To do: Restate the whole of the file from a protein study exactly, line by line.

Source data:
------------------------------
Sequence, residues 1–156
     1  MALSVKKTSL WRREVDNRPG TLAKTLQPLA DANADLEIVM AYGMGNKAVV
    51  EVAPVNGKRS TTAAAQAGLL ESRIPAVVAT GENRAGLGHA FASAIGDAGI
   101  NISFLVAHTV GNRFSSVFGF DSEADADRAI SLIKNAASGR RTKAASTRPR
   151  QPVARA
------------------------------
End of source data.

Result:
Sequence, residues 1–156
     1  MALSVKKTSL WRREVDNRPG TLAKTLQPLA DANADLEIVM AYGMGNKAVV
    51  EVAPVNGKRS TTAAAQAGLL ESRIPAVVAT GENRAGLGHA FASAIGDAGI
   101  NISFLVAHTV GNRFSSVFGF DSEADADRAI SLIKNAASGR RTKAASTRPR
   151  QPVARA